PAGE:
Oct 212017

ASPRS Rocky Mountain Region Annual Meeting
New multi-day format!!

3-5 November 2017
(Friday evening, Saturday all day and Sunday morning)

Main Meeting Venue
The Trails Recreation Center (TRC)
16799 E. Lake Avenue
Centennial, CO 80016

Please see our list of sponsorship opportunities below and consider supporting this landmark event!

Registration fee
Registration includes all workshops and panel sessions, opening reception Friday evening, all meals on Saturday, and Sunday breakfast.
(Registration fee waived for Panelists who are participating only on Sunday.)
Registration is limited to 40 people — reserve your spot today!

–    Professionals — $75 (includes all sessions and meals)
–    Students — $15 (includes all sessions and meals)

Register Here

(You do not have to be a current ASPRS member to attend.  Non-ASPRS members will have to create an account on the ASPRS website to complete the meeting registration, but they do not have to become ASPRS members before registering.)


Friday, 3 November 2017

–       6:00 – 9:00 pm:  Opening Reception in the West Wing Room of Lone Tree Brewing Co

Saturday, 4 November 2017

–       8:00  – 8:30 am:  Registration and Breakfast from Einstein Bros’ Bagels at Trails Rec Center

–       8:30 – 11:30 am:  An Introduction to Structure From Motion – Multi-view Stereo (SFM-MVS), Dr. Chris Lippitt (University of New Mexico)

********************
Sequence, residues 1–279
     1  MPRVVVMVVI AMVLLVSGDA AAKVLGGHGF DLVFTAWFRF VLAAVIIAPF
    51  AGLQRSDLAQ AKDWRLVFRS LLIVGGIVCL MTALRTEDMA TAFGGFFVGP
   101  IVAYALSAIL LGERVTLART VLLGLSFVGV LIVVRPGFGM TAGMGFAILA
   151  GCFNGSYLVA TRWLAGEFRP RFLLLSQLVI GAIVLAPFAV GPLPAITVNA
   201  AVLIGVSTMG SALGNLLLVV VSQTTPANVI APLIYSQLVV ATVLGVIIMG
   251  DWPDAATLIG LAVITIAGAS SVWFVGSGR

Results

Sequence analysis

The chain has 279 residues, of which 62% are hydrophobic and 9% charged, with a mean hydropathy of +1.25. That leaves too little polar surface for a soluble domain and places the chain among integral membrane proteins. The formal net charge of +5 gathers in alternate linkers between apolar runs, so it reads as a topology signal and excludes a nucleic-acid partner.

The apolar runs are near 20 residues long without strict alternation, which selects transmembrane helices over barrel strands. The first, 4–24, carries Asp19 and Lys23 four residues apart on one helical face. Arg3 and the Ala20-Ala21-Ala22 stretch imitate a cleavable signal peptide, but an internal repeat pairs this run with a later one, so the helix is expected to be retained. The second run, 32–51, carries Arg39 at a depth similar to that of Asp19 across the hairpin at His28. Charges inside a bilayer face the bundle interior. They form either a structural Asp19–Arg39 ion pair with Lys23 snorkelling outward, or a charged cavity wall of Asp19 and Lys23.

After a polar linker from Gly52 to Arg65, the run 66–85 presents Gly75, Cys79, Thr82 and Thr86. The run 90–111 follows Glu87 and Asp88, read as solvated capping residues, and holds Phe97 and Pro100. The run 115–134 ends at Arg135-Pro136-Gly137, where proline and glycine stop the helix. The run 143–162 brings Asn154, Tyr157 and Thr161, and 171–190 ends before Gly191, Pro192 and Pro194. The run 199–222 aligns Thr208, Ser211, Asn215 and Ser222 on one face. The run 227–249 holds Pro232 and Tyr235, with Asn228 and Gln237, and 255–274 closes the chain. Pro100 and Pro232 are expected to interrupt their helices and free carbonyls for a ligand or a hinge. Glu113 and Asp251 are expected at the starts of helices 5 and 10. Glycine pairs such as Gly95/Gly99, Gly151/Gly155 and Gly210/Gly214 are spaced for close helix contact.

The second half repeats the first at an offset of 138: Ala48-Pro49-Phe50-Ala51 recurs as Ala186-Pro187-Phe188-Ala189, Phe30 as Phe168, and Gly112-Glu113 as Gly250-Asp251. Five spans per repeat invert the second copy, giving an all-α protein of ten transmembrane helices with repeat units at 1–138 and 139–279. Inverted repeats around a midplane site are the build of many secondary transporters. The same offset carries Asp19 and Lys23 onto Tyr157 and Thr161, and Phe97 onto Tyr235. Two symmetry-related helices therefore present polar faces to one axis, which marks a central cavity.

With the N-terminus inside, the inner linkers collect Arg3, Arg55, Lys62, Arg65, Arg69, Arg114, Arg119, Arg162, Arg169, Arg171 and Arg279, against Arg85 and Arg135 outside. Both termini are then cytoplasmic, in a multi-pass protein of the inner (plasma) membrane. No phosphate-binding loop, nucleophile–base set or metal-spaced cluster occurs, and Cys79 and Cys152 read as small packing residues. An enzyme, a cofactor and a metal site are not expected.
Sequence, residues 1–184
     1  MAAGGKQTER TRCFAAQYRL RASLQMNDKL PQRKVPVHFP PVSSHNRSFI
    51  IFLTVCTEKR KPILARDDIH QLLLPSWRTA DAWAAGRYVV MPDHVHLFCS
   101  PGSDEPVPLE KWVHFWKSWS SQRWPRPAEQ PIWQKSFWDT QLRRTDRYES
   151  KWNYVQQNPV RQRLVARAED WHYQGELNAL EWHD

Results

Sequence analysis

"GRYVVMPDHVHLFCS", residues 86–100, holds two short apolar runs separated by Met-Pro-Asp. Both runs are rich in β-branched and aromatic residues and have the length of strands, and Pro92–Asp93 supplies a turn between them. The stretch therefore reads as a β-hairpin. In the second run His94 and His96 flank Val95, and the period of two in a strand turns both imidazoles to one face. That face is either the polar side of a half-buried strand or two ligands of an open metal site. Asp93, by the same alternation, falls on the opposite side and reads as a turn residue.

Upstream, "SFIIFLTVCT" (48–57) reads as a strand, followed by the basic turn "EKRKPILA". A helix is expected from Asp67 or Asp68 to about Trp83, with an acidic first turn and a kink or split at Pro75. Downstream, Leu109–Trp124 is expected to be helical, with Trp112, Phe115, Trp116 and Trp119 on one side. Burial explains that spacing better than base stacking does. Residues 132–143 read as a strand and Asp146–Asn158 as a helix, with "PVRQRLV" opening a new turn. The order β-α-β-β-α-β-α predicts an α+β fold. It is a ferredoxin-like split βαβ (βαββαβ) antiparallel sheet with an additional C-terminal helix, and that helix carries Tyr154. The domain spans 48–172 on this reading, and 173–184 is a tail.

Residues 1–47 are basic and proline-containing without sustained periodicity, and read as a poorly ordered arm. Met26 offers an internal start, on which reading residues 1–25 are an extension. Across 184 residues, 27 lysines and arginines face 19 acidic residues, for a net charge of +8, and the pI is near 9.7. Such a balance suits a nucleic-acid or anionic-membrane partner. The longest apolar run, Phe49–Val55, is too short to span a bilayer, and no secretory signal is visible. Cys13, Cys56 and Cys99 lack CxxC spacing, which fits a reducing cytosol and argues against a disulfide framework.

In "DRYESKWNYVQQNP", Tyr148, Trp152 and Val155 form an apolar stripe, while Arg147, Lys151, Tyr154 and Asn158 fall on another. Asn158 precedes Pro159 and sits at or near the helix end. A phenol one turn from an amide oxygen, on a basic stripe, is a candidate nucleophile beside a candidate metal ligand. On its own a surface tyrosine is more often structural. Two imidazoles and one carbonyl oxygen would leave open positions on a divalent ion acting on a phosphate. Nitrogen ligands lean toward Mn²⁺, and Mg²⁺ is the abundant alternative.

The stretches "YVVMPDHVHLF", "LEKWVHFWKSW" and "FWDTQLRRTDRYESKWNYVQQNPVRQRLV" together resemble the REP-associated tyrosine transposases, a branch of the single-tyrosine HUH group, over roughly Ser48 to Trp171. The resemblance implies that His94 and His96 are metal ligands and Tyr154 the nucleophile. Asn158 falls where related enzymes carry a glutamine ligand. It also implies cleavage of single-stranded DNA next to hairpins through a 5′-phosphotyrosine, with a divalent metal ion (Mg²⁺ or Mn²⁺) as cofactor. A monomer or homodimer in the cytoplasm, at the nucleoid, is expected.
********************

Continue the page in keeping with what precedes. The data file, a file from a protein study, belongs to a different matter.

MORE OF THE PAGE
Abstract:  This workshop will introduce participants to SFM-MVS processing of digital aerial photography. SFM-MVS has become a critical pre-processing technology for the geometric correction of imagery acquired from unmanned aircraft systems (UAS), owing to the number of frames routinely acquired by these systems. Using Agisoft Photoscan, participants will produce orthophotos and digital surface models using overlapping imagery acquired from a Nikon D810 (f = 50mm) mounted on a GippsAERO GA8 and Survey grade ground control. Principles of SFM-VS will also be reviewed. Participants will complete the workshop on their own person computers; information on obtaining a license for required software will be distributed prior to the meeting.

–       11:30 am – 12:30 pm:  Lunch from Protein House

–       12:30 – 1:30 pm:  GIS&T Careers Panel Session, Dr. Michaela Buenemann (New Mexico State University), Leandro Gonzalez (DigitalGlobe, Inc.), others TBD

Abstract: GIScientists from the private and public sectors with hiring experience will inform you about their careers, organizations, and what they look for in job applicants. Participants will discuss trends in the industry and their implications for job market preparations. The session will begin with some structured questions from the session chair and conclude with questions from the audience!

–       1:30 – 1:45 pm:  Break

–       1:45 – 3:00 pm:  ASPRS Certification, Dr. Chris Lippitt (University of New Mexico)

Abstract:  ASPRS certification is generally considered the gold standard certification in the geospatial industry. The various certifications ASPRS offers and the process for obtaining certification will be reviewed followed by a discussion with the audience.